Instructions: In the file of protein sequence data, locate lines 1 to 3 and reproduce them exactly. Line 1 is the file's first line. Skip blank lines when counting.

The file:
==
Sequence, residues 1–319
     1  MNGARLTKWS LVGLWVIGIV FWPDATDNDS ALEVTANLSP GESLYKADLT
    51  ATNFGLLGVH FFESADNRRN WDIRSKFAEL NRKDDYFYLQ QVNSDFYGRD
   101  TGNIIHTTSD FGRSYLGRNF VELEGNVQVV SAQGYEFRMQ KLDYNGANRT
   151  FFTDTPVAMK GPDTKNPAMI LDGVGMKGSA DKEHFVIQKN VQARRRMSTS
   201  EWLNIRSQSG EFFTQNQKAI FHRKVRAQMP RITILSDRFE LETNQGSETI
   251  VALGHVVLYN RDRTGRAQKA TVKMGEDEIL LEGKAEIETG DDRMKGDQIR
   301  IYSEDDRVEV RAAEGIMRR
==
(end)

Sequence, residues 1–319
     1  MNGARLTKWS LVGLWVIGIV FWPDATDNDS ALEVTANLSP GESLYKADLT
    51  ATNFGLLGVH FFESADNRRN WDIRSKFAEL NRKDDYFYLQ QVNSDFYGRD